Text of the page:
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The Israeli-Palestinian Conflict Part 1

This is my attempt to try and understand the problems of the Middle East.

Judaism and Islam

Judaism and Islam are the world’s two oldest, and largest monotheistic religions and they share a city they both consider holy– Jerusalem. The two religions share a variety of beliefs, customs, and practices. At the same time, there are enough differences, both cultural and in practice, that make the two religions clash. The conflict is so bad that even the similarities between the two ancient religions have been the source of conflict. This contention goes back thousands of years. Judea is the Biblical Hebrew and Israelite home of Jewish ancestry. Arab states considered Israel as their own land since they conquered Palestine in 638 C.E., but according to written history and oral tradition, it was the promised land of the Jews. Judea was captured by the Romans and renamed Palestine. Palestine was later conquered and inhabited by the Arabs for over a thousand years. In 1881, Jewish settlers started migrating to Palestine in large numbers. Their goal was to consolidate and live together in their own culture and in their ancient homeland, they believed, promised to by God. These migrations came in greater and greater waves, especially after World War I and the Holocaust of World War II.

 

Israel and Palestine-Two Worlds Clashing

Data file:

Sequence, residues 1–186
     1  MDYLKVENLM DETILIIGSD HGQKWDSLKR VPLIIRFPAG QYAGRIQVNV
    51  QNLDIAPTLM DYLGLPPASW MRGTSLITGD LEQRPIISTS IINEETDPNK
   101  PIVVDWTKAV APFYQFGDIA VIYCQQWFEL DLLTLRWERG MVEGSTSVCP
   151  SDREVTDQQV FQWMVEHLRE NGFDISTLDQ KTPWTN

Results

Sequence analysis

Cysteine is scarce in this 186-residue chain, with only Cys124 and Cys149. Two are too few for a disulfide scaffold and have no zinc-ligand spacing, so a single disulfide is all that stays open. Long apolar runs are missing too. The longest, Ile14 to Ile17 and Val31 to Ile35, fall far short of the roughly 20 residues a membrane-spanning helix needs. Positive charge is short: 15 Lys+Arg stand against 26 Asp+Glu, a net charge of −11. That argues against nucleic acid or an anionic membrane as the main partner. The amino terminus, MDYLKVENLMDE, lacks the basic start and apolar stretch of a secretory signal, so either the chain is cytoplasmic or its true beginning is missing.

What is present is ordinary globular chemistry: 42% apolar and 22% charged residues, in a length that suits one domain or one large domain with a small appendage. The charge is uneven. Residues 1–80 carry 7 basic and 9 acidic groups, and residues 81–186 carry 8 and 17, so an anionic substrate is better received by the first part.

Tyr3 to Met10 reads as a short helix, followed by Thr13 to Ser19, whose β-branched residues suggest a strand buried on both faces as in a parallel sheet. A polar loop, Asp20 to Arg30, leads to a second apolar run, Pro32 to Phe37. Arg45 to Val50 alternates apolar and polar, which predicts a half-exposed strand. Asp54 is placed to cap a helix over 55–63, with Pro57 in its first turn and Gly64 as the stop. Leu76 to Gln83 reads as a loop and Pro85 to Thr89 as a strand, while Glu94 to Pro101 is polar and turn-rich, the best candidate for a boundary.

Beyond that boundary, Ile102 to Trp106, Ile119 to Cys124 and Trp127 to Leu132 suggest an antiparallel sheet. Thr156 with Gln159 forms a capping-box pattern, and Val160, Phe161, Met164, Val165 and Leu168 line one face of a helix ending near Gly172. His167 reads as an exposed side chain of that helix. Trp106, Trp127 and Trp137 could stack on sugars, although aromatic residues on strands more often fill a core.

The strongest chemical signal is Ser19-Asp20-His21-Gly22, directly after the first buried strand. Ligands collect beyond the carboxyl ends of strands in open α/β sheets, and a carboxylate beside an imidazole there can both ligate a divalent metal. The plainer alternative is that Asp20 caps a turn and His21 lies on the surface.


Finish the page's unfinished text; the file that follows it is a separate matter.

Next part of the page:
The Zionist Movement

The Zionist movement arose to restore the Jews to Israel, their believed Promise Land. Towards the end of World War I, the British government decided to endorse a Jewish homeland in Palestine. The British decision to help the Jews was made public in a letter from Lord Arthur Balfour to lead British Zionist Lord Rothschild on November 2, 1917, just before the end of World War I. The contents of the message became known as the “Balfour Declaration.” The Balfour Declaration was drafted with the assistance of U.S. President Woodrow Wilson. Wilson was a strong supporter of Zionism.  Britain wanted to protect her sea route to India. Britain’s economy relied heavily on trade from India. Supporting Zionism was the most straightforward way of securing lasting British influence in the Egyptian region of the Suez Canal. The Arabs resented the Jews coming in and taking over their land. Under the leadership of Grand Mufti Haj Amin El-Husseini, the Arabs rioted for days until later revolting. This riot was the first step of creating a history of hostility between the Jews and Arabs in Palestine. Next, Britain put a stop to Jewish immigration into Palestine. It wasn’t till after the Holocaust when Britain allowed mass immigration into Palestine. The horrors of the Holocaust left the Jew survivors with no other choice than to return to their ancestral homeland. The tremendous growth Jewish immigrants over the years into a land they had lived for over a thousand years made Palestinians angry and protective.  Not even the White Paper of 1939, which curtailed the migration of the Jews to only 75,000 and did not allow them to purchase land, satisfied the Arabs. The time of pre-independence history of Israel before 1948 created a stable base for various political parties and a specific cultural and economic development of a Jewish State. In 1947, the United Nations (U.N.) partitioned the land of Palestine into two states– one Arab and the other Jewish. The Arabs did not accept the new partition of Palestine, which led to a war. The Jews won an astounding victory against overwhelming odds, giving birth to the modern day state of Israel.

A Map of Israel and Palestinian Territories